Lung cancer progress halted by Covid-19 pandemic

AstraZeneca and World Economic Forum report reveals the cost of Covid-19 on lung cancer progress

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Lung cancer progress in diagnosis has declined due to the strain caused by the global Covid-19 pandemic on health and healthcare systems, according to a report developed by the World Economic Forum and the Lung Ambition Alliance (LAA), in collaboration with AstraZeneca.

The report entitled Learning Lessons from Across Europe – Prioritizing Lung Cancer after Covid-19, said that further impacts on treatment will be expected the longer the pandemic continues and called upon global governments to focus urgent attention on restoring lung cancer diagnosis and treatment.

The report suggested short- and long-term healthcare recommendations in order to reduce further avoidable deaths. For example, public health information campaigns about lung cancer were suggested to raise the public’s awareness of the signs and symptoms of lung cancer, and encourage them to seek help if they are concerned about their health. For long-term progress, the report proposed that global governments should implement real-time data collection and analysis at a national and local level to identify and address the impact of Covid-19 on lung cancer patients.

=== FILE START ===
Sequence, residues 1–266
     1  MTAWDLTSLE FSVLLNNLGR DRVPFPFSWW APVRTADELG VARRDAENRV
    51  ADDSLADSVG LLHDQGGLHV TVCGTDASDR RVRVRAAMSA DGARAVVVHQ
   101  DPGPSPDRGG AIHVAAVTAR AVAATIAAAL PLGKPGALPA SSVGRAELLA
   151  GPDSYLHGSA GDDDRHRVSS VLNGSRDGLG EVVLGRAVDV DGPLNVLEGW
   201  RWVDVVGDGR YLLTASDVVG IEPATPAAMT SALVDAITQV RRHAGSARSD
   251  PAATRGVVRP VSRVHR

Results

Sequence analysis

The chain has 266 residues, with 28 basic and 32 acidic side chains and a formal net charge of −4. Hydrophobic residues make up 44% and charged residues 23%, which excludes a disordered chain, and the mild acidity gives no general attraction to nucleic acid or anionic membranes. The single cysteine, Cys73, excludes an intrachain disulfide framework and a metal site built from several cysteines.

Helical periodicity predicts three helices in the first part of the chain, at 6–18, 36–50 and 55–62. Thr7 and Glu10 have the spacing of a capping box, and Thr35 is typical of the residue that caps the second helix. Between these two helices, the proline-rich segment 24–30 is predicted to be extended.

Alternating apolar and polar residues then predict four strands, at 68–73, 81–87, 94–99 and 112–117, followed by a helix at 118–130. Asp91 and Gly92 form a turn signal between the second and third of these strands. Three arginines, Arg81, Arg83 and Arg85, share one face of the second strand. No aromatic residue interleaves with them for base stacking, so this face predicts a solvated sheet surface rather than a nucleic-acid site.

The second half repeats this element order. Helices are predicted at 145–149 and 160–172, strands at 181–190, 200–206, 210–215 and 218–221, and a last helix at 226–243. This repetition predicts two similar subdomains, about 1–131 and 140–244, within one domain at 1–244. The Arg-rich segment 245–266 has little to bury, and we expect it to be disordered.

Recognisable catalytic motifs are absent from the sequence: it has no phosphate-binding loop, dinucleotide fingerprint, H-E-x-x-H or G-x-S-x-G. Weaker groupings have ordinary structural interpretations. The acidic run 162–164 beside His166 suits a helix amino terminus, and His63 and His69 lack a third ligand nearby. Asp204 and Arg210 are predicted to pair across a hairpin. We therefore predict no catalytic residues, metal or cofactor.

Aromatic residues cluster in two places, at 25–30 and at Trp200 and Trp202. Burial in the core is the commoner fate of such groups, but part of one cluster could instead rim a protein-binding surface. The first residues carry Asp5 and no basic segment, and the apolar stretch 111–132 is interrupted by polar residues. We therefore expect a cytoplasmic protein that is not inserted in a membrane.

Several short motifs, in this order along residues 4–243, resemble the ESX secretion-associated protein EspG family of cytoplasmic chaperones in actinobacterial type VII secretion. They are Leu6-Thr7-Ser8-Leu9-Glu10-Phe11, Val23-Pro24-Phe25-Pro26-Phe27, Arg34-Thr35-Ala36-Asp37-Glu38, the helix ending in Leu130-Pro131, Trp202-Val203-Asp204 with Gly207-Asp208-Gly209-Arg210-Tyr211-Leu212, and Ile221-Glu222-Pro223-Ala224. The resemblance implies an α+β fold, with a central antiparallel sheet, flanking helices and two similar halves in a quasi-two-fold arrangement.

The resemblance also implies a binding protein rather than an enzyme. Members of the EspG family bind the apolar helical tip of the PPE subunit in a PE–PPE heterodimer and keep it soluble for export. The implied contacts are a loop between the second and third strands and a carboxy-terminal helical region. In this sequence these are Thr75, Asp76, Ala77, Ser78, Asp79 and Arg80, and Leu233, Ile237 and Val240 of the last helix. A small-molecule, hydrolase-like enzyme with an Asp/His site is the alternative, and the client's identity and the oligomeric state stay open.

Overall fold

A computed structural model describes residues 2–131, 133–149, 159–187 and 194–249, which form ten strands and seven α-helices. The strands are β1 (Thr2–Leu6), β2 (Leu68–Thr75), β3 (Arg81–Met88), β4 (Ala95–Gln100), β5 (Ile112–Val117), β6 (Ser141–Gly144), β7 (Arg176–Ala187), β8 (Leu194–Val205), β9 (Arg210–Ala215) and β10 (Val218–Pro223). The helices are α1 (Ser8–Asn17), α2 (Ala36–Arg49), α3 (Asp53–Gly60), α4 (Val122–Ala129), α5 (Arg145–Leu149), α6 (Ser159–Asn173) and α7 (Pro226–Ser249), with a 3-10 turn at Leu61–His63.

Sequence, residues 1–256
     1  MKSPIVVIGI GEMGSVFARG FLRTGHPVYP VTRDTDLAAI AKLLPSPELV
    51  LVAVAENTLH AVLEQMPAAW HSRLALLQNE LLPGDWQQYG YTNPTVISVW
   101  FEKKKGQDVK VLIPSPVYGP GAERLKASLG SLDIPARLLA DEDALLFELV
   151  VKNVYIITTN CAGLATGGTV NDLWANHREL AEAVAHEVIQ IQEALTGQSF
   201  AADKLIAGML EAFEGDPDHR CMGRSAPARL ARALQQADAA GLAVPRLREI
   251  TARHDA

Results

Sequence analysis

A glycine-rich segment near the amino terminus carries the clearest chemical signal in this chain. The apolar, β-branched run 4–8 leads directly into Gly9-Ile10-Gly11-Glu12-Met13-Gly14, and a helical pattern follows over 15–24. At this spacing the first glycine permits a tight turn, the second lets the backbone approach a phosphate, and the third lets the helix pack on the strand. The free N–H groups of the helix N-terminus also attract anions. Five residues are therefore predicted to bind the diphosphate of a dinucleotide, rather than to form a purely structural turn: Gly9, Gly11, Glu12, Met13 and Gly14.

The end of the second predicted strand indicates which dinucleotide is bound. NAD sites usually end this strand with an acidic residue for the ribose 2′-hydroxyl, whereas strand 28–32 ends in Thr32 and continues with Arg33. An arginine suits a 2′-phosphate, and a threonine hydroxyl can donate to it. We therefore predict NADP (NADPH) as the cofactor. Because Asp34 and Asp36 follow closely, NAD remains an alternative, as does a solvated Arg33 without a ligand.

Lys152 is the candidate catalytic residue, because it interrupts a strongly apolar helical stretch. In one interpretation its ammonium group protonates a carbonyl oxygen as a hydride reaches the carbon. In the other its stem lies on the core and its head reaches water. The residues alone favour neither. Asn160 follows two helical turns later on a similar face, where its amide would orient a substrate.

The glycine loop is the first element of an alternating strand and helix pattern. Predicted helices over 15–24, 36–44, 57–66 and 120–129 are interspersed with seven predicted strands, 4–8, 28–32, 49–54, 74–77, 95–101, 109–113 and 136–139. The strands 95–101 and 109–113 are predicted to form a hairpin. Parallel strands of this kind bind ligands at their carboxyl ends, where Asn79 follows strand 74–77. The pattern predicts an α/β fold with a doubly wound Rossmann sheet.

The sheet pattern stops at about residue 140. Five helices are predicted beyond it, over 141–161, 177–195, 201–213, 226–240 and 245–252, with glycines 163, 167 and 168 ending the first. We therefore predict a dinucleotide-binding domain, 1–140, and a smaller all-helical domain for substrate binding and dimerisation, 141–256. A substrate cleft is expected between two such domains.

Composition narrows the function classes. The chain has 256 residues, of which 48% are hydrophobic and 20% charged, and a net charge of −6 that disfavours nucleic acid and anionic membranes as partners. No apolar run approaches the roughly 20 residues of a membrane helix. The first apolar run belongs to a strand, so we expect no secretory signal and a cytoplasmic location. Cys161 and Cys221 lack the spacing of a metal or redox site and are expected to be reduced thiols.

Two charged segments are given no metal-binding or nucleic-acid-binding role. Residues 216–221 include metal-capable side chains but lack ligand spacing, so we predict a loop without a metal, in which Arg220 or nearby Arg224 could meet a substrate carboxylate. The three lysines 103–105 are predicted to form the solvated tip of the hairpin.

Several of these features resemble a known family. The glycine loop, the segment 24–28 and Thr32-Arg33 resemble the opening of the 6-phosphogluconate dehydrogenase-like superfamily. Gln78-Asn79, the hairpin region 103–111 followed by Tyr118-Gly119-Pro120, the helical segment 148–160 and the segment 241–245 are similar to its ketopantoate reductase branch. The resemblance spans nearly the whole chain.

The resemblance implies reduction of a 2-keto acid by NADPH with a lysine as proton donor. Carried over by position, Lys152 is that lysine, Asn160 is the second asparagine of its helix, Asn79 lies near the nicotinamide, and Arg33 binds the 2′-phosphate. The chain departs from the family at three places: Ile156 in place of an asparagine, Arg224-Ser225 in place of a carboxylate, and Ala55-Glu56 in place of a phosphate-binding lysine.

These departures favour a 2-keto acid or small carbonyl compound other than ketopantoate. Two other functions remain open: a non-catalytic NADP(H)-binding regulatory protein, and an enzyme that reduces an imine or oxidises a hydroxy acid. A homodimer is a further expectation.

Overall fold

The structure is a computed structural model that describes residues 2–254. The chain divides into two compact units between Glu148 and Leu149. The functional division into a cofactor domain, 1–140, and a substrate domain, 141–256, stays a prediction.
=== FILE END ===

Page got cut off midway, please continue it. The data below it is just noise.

David Baldwin, chairman of UK Clinical Expert Group for Lung Cancer and Mesothelioma and Report Taskforce, said: “We clinicians are seeing similar late presentations of lung cancer to those that were the norm 20 years ago. With disruptions at an unprecedented level, lung cancer patients simply cannot afford to have the clock wound back to where things were.”

Lung cancer causes the highest number of cancer deaths around the world, with more than one million deaths recorded per year. Exacerbating this impact, the World Health Organization reported more than 40 per cent of countries around the world disclosed a complete or partial disruption to lung cancer services due to the pandemic.

 “We must redouble our efforts to diagnose patients early, by urgently restoring awareness and early diagnosis campaigns, rapid diagnostic and treatment pathways and approval of national lung cancer screening programs. Patients deserve fresh investment and services to make up for lost time and accelerate innovation in lung cancer treatment options,” Baldwin said.

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